Investigation with CT scanning is the current modality of choice 1 for defining the anatomical extent of the disease in malignant otitis externa. It is particularly useful in showing subtle differences in bone density in the skull base as well as revealing soft tissue swelling in the nasopharynx or parapharyngeal space. Serial CT scans are helpful to evaluate the effectiveness of treatment by demonstrating resolution of central soft tissue swelling, but have not been found as useful in monitoring skull base osteomyelitis.6, 12 This is due to the long time interval required for re-mineralization of the affected bone, and thus the CT scan changes require a longer duration to return to normal.
Radioisotope scans using Technetium 99 and Gallium 67 are highly sensitive and have previously been used to monitor response to treatment.16 They help in revealing areas of high tissue activity but suffer from the draw-back of offering poor anatomical localization. Gallium 67 which is taken up by macrophages and reticular endothelial cells, localizes to areas of intense inflammation and has been used as an alternative to Technetium 99. Positive results with serial Gallium 67 scans imply an area of persistent inflammation. This investigation has been advocated for monitoring disease progression in patients with malignant otitis externa, 6, 13 but on some occasions Gallium scans can be normal despite relapse.7 MRI plays a complimentary role to CT only in determining the initial severity of the disease as it offers superior clarity in delineating soft tissue. There have been a few reports of MR imaging being employed in the diagnosis and follow-up monitoring. 7 Serial measurements of the ESR and CRP are useful investigations to monitor patient's progress, as we have demonstrated in the current case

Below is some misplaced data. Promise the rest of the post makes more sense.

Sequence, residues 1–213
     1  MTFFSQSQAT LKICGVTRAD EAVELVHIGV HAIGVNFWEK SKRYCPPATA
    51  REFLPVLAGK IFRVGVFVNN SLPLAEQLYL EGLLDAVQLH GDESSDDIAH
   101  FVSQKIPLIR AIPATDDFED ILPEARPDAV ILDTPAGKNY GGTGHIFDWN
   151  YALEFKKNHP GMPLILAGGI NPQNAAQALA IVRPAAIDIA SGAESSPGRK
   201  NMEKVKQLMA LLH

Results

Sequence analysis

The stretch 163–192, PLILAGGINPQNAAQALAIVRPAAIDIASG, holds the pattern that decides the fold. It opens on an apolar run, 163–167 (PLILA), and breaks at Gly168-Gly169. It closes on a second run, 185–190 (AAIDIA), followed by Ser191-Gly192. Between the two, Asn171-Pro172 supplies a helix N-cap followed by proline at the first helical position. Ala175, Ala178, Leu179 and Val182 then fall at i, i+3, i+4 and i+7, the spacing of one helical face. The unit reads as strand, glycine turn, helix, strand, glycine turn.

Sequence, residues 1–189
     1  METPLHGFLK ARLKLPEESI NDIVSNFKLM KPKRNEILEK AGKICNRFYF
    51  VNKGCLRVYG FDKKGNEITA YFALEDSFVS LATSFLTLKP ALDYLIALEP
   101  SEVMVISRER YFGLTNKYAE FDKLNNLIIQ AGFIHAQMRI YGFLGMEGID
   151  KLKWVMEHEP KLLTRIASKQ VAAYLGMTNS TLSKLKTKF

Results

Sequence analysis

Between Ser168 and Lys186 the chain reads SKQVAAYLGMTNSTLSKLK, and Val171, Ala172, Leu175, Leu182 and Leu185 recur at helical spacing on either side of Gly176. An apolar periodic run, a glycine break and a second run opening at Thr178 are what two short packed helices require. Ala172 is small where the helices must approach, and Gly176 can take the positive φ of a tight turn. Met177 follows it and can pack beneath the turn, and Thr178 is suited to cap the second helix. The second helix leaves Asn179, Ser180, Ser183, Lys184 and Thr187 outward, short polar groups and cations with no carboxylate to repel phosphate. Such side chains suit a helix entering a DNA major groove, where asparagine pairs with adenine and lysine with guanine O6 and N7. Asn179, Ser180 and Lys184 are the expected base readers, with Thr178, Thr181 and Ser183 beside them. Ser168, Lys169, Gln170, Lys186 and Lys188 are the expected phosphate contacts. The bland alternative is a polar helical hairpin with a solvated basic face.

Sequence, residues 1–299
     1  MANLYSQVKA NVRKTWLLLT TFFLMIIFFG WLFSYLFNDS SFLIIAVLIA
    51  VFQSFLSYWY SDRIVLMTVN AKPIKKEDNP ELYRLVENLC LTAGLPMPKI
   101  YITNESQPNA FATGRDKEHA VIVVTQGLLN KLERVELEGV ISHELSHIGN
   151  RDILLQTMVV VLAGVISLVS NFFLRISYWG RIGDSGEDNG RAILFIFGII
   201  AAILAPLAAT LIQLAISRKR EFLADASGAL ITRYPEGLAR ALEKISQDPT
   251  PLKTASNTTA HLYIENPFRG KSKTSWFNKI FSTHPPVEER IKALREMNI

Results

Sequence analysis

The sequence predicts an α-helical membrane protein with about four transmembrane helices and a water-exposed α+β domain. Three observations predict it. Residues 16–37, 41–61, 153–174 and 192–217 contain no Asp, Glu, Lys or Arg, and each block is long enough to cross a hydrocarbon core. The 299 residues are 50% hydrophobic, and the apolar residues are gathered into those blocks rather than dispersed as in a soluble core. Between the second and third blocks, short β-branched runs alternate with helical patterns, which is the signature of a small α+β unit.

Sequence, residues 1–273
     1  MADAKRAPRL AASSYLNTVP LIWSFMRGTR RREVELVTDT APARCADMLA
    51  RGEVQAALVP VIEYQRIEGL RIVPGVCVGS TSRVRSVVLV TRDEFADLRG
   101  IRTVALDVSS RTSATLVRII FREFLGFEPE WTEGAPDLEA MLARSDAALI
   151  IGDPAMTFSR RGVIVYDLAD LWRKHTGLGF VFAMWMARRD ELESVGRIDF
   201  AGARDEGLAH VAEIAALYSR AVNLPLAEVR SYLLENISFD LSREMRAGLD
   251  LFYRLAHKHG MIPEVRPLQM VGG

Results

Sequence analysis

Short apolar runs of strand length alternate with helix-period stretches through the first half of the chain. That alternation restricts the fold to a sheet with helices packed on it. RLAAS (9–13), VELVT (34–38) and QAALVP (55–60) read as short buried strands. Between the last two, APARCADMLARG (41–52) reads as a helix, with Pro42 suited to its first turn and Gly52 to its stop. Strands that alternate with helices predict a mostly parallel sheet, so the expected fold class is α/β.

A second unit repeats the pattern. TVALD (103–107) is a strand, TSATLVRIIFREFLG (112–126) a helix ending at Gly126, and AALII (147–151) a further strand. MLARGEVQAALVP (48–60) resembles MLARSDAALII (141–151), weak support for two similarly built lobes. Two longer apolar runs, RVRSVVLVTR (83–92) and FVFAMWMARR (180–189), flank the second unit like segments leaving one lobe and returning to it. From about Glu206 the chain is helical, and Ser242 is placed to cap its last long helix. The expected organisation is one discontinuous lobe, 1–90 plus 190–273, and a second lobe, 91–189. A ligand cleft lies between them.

The treatment of this condition has improved in recent years due in part to a better assessment of the extent of the infection by CT, radioisotope scans and MRI, and its favourable response to treatment with quinolone antibiotics which have remarkable anti-pseudomonal activities.8,9 Only a limited number of cases of successfully treated malignant otitis externa complicated with cranial nerve involvement have been reported in the world literature.5,11,15They were all treated by combined topical and oral antibiotic therapy with adjuvant hyperbaric oxygen, when there was evidence of intracranial spread or when the disease remained refractory to routine treatment, hyperbaric oxygen as an adjunct to antibiotic therapy has been shown to be useful. 1, 5, 11, 15